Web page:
Shri Ananda Bhaskar Rapolu, Ex-MP, organised a roundtable at the Constitution Club of India, New Delhi, recently to discuss and deliberate on the scarcity of the various man-made and natural fibres in the country. The dignitaries included parliamentarians from BJP, INC, DMK, SO and others, along with industry representatives from different parts of the country. They joined the discussion to share their perspectives on the consequences of the scarcity of raw materials and the impact of potential duty impositions, such as the Anti-Dumping Duty, on the sector.
With the market share of India in the global textile industry increasing, there is also a need to ensure that there is abundant availability of raw materials like fibre in the country. Although India is the 2nd largest producer of man-made fibre/yarns and polyester, there is a huge supply-demand deficit, especially in viscose. Dwindling cotton supply, low cost, and versatility in design/application are key drivers for man-made fibre adoption.
In FY 2021-22, the domestic Viscose Staple Fibre (VSF) demand was 7 lakh tonnes, and the availability was only 5.4 lakh tonnes, which is a gap of 1,60,000 tonnes/year. With only one major viscose supplier contributing to over 90% of the supply, India’s entire value chain depends on a single manufacturer. This creates big risks for users. As a result, many small spinners cannot access Viscose as the supply is limited to select spinners only.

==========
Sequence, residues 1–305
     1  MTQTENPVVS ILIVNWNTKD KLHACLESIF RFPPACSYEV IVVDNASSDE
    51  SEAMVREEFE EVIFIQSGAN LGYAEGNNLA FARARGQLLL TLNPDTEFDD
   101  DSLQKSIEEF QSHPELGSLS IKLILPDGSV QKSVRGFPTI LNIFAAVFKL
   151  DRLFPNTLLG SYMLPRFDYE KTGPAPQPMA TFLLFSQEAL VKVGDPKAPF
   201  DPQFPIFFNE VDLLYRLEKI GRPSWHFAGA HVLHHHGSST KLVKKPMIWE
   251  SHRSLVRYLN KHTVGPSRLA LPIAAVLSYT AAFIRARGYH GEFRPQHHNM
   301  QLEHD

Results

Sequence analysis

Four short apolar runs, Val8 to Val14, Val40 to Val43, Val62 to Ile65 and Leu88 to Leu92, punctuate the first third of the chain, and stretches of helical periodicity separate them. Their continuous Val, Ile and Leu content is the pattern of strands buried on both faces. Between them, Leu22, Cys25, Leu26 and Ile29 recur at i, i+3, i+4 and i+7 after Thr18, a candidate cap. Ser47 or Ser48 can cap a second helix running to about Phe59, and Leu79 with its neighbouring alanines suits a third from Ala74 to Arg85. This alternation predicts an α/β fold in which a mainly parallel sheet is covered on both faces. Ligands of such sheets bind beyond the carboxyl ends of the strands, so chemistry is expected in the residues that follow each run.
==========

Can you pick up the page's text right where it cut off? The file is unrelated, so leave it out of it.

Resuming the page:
The dignitaries highlighted the above challenges in the current situation of India’s weaving sector. They further deliberated on the solutions to ensure that there is access to abundant and high-quality raw materials for the downstream community at cheap rates. Some of the suggestions included the non-imposition of duties (like anti-dumping duty) on raw materials such as polyester and viscose and building mechanisms to ensure there is no pricing policy that puts Indian weavers and spinners at a disadvantage.
Reflecting and summarising the discussion, Shri Rapolu highlighted that there is a need for an encouraging ecosystem to enlarge the capacities of fibre to fabric. Ensuring sufficient fibre/yarn availability is critical for the labour-intensive textile value chain that generates over 45 million in employment, mostly rural poor and women. He further emphasised that viscose is poor people’s silk, and viscose blended cotton is the future.
Inconsistent policy decisions on raw materials will only ruin the chance of participation for the small-scale spinning and weaving industries. Hence, concentrated efforts are needed to ensure an ecosystem that safeguards healthy and fair competition in the market, enabling the availability of quality raw materials for value addition. The parliamentarians and industry representatives came to a consensus that they shall take this discussion forward to the concerned offices.